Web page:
Ethnocentrism is itself the result of the game such interests. Let's see some definitions of this concept: Ethnocentrism “means the position of those who believe that their way of being, to act or think should be preferred to all others.” Accompanied by the individual's sense of belonging to a group of organic and consciousness of the superiority of its values with the other, ethnocentrism is usually associated with “intolerance and xenophobia, racism and stigmatization”.

In all definitions of ethnocentrism is the idea that their culture is the measure of all things. This is also accompanied by an exaggerated appreciation of their value and tends to underestimate the underlying values of foreign cultures, considered ab initio bottom.

An overstatement of their culture and an underestimation of foreign cultures led ultimately to the fact that foreign nations or tribes could not be designated as “human community”, the alien was not considered human in the full sense of the word. The Chinese, for instance, about the Huns: “These barbarians are like animals” or Greeks claimed that the Romans barbarians outside face had nothing human in them. The same thing they say about Germans and Romanians examples could continue. Such a conception of alien justifies its liquidation without that produce moral or religious dilemmas. This is common to all ethnocentrism taken to the extreme, from antiquity to today's ethnic cleansing. Colonialism was also a result of ethnocentrism. In terms of cultural and racial populations in the colonies were considered inferior. Such a view was contrary to the Christian ideal of brotherhood, but was prevented guilt-ridden representation that would be truly indigenous people. Columbus, for example, “talks about the people she meets them only because, after all, and they are part of the landscape. References to islanders always appear among notations about nature, somewhere between birds and trees... and conclude that although naked Indians seem closer to the people than the animals.”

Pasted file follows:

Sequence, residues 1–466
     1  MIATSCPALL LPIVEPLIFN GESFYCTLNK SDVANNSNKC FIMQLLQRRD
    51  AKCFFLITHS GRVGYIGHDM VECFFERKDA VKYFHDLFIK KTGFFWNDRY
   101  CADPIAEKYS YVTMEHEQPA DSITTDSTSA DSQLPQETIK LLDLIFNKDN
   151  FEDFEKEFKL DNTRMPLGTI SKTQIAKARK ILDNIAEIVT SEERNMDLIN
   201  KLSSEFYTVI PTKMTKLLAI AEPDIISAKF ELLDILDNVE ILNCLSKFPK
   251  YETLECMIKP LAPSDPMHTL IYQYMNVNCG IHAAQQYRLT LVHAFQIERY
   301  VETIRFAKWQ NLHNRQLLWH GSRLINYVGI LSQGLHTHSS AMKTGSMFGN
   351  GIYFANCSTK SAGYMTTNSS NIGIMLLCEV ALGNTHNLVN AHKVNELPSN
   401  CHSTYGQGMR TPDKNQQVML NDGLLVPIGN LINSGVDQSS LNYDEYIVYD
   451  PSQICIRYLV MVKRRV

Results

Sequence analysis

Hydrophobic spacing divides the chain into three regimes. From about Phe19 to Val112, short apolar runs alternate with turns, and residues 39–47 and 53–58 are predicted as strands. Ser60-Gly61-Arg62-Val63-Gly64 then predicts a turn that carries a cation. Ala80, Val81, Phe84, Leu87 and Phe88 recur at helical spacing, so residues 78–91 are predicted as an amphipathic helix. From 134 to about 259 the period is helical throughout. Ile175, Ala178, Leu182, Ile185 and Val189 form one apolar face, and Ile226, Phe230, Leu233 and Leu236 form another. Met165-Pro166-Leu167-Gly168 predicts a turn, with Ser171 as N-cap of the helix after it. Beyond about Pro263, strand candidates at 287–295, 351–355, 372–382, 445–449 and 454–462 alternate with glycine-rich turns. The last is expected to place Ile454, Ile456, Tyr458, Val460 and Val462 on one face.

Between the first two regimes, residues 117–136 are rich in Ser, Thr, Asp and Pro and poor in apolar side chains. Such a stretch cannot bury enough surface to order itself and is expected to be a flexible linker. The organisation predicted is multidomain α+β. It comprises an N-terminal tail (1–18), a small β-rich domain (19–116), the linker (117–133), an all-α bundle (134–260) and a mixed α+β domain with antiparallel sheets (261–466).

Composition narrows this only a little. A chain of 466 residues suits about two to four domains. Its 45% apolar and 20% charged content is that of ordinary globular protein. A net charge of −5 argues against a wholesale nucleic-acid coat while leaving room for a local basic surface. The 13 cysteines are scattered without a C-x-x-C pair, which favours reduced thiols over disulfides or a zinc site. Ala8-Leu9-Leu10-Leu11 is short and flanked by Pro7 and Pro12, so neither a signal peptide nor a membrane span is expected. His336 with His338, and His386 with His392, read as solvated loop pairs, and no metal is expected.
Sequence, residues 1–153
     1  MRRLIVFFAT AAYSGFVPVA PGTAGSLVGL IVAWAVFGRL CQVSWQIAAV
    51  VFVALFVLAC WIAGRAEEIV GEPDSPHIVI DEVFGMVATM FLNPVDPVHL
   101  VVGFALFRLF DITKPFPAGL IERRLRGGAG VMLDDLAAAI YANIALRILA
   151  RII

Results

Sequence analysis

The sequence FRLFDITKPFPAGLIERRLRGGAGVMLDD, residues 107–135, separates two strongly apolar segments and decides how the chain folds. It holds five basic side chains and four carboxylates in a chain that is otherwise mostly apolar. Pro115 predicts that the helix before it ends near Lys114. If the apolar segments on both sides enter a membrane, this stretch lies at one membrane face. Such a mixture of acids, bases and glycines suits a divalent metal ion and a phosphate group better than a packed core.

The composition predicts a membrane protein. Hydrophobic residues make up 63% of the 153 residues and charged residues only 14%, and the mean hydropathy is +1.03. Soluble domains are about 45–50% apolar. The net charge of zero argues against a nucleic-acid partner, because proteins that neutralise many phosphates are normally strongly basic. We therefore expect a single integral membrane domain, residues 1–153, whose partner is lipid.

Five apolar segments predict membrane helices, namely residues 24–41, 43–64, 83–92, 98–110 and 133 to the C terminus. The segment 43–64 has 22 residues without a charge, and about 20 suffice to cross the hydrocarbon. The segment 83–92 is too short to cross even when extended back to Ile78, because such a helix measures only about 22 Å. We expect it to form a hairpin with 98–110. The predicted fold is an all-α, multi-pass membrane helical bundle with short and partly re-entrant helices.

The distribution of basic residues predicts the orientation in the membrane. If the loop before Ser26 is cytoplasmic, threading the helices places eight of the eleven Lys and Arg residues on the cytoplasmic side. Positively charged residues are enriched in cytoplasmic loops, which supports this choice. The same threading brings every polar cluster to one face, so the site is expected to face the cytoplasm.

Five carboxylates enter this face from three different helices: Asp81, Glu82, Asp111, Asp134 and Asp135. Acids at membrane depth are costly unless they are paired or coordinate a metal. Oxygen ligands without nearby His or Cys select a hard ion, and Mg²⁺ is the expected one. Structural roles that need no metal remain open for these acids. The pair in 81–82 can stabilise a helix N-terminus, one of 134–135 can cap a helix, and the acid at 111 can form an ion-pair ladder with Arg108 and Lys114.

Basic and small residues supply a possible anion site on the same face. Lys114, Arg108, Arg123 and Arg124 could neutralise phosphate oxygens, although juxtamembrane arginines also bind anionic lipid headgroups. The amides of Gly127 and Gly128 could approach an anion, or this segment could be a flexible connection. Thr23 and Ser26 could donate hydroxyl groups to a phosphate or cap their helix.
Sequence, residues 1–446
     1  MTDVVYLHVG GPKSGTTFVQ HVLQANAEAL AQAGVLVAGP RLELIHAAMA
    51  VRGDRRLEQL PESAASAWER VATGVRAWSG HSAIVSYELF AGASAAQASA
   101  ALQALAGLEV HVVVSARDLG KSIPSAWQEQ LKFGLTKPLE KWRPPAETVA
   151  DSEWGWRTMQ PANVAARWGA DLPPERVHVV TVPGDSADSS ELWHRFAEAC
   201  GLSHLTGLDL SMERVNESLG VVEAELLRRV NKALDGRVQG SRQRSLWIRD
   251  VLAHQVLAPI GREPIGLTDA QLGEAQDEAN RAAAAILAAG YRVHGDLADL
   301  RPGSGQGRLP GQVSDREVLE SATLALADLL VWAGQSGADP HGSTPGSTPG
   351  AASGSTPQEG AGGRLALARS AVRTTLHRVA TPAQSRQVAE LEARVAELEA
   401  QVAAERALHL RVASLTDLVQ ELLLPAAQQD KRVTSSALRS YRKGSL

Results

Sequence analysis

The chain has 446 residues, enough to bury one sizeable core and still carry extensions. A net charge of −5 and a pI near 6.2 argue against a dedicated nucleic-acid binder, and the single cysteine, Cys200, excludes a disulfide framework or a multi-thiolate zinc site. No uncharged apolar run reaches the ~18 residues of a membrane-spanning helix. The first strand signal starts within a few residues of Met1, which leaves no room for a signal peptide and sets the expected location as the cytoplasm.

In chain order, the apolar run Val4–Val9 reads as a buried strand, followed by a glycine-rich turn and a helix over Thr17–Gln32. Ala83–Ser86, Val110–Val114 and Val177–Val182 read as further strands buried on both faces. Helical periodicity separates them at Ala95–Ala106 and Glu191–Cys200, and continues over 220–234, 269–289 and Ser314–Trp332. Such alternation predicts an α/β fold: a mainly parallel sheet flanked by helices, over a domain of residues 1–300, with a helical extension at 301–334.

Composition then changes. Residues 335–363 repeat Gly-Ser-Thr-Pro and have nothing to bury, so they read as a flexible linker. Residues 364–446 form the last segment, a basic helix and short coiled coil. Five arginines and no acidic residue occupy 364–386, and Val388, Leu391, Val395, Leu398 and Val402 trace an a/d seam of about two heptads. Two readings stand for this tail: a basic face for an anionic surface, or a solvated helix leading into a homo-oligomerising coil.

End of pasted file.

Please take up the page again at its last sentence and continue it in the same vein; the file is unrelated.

The idea that “primitive” would not have a soul, so that should be killed would still be no crime was part of colonial ideology. Sense of national belonging is not in itself a negative, but its exacerbations accompanied by hatred of other nations or peoples, designated by the phrase “extreme nationalism”.

As a form of ethnocentrism, extreme nationalism does not recognize tolerance as core value of living together in a multiethnic and multicultural space. Although nationalism was primarily a European phenomenon, has become one that can be seen all over the planet, both powerful nation states, and especially to those made recently and thus trying to shape their own identity as strongly national. Ethnocentrism is a concept deeply rooted in the human soul.

Analyzing the concept of culture in relation to the intercultural communication, Edward Hall distinguishes three levels of culture. The first level, which he called “conscious and technically” is at the verbal language and symbols with a precise meaning, have an important role in communication. The second level is “hidden”, reserved for a small number of individuals, including foreign ones that cultures are excluded. The third level, unconsciously and implicitly, is the culture of “primary”, the deepest layer and its perennial “the primary culture consists of fundamental data structures our way of thinking...”